Law Clinic

The student-run Law Clinic offers free legal advice and help to residents of Dundee, including both the local and student populations, who cannot afford a solicitor and do not qualify for legal aid. The Law Clinic became operational on 31 January 2011, and currently runs from 9am-5pm every Wednesday and Thursday in the Centre of Dundee (Commercial Street, Dundee. Entry via Boyle's Chambers and ask for the Law Clinic at reception). The Law Clinic offers free legal advice on issues such as landlord and tenant, small claims, benefit disputes and employment. It can also provide services as a "McKenzie friend".[9]

Law Society

The long running student law society organises social- and careers-events for Dundee law students. Several traditional social events take place each year, including a Gaudie Night where first year students are assigned 'parents' from older years, with whom they must survive the night and who will then act as academic and social mentors. The law society also runs an annual pub quiz which is typical attended by teams of academics from within the School, and hosts an annual law ball at different ornate locations around Scotland. The law society further coordinates the School's sports teams which compete in inter-varsity matches against law schools from elsewhere in the United Kingdom, in sports such as football, basketball and hockey.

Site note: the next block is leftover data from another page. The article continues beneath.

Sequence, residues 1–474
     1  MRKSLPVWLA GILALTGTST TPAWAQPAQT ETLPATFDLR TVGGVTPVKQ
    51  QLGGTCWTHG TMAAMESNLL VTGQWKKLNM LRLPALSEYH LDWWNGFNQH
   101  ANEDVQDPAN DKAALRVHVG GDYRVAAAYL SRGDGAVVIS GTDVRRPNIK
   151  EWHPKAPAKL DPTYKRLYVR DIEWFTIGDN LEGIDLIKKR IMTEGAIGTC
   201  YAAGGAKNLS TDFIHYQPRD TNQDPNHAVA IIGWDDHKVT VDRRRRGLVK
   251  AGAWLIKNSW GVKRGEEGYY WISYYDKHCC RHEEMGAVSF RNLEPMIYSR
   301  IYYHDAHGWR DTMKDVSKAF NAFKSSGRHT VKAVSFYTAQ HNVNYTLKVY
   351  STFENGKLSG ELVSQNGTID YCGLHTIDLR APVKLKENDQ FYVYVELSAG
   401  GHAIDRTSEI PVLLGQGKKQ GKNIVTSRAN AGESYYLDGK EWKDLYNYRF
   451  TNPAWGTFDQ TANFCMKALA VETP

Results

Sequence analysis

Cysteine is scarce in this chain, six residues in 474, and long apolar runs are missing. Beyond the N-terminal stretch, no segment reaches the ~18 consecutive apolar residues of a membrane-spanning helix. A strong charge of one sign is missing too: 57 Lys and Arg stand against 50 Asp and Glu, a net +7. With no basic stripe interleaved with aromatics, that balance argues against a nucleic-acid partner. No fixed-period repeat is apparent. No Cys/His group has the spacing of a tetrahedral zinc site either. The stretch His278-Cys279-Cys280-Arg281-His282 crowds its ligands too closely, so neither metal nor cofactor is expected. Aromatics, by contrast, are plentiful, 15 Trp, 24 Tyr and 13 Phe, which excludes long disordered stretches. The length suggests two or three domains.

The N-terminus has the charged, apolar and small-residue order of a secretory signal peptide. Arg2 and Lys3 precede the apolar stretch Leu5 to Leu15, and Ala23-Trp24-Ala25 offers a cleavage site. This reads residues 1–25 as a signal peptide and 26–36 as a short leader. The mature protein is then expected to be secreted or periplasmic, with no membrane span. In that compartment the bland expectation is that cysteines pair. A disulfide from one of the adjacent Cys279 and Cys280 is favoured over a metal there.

The law school has an active mooting society, which organises an internal competition and competes in various Scottish and UK external competitions. The Honorary President of the Mooting Society is Lord Justice Jones. The Mooting Society bases itself at the moot court room located within the School's premises at the Scrymgeour Building. In 2013/14, the Mooting Society entered the Alexander Stone Moot, the Inner Temple Inter-Varsity Moot, the ESU/Essex Court Moot, the NSLS Moot and the OUP/BPP National Moot. Out of these competitions, the Dundee team made it to the semi-final of the Inner Temple Inter-Varsity Moot and the final 16 teams in the ESU/Essex Court Moot. Furthermore, three of the Society's undergraduates represented Scotland in the 37th Edition of the Telders International Law Moot Court Competition held at the Peace Palace in the Hague, Netherlands. The Dundee team participated in the "Roundsian Rescue Dispute" together with another 27 teams from 26 countries across Europe, and were named "Outstanding Team".